A syllable-based, pseudo-articulatory approach to speech recognition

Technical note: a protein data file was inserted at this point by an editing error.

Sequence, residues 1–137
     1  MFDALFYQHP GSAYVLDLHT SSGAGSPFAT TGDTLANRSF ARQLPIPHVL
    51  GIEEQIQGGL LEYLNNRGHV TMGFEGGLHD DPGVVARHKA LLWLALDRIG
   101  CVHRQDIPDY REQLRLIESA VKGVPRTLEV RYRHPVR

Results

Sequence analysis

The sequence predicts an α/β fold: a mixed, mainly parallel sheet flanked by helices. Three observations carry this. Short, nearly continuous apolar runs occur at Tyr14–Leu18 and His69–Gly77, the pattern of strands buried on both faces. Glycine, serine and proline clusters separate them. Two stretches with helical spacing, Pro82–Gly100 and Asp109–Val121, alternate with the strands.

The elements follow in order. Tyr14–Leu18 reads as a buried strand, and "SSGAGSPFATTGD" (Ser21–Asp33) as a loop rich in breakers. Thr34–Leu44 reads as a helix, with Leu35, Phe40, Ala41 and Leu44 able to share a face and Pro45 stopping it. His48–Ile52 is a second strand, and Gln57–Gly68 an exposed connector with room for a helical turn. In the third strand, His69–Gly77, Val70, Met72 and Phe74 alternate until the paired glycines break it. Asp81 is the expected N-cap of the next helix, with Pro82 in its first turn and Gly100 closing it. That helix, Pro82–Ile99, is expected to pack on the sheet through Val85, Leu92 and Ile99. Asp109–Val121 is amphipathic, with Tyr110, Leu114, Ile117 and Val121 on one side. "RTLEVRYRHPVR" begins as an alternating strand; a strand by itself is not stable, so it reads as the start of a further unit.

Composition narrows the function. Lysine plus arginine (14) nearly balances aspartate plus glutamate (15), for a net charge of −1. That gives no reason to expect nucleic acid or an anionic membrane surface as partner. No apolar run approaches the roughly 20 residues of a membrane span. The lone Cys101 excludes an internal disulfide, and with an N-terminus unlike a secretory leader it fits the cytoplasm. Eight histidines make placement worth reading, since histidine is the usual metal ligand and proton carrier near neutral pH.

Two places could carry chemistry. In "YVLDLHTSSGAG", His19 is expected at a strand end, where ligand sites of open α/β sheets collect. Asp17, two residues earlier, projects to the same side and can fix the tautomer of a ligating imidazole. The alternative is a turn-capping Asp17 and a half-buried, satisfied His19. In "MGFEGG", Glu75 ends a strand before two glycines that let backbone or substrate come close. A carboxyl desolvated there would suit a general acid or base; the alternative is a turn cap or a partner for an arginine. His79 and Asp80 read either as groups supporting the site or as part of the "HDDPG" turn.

The prevailing approach to speech recognition is Hidden Markov Modelling, which yields good performance. However, it ignores phonetics, which has the potential for going beyond the acoustic variance to provide a more abstract underlying representation. The novel approach pursued in this thesis is motivated by phonetic and phonological considerations. It is based on the notion of pseudo-articulatory representations, which are abstract and idealized accounts of articulatory activity. The original work presented here demonstrates the recovery of syllable structure information from pseudo-articulatory representations directly without resorting to statistical models of phone sequences. The work is also original in its use of syllable structures to recover phonemes. This thesis presents the three-stage syllable based, pseudo-articulatory approach in detail. Though it still has problems, this research leads to a more plausible style of automatic speech recognition and will contribute to modelling and understanding speech behaviour. Additionally, it also permits a 'multithreaded' approach combining information from different processes.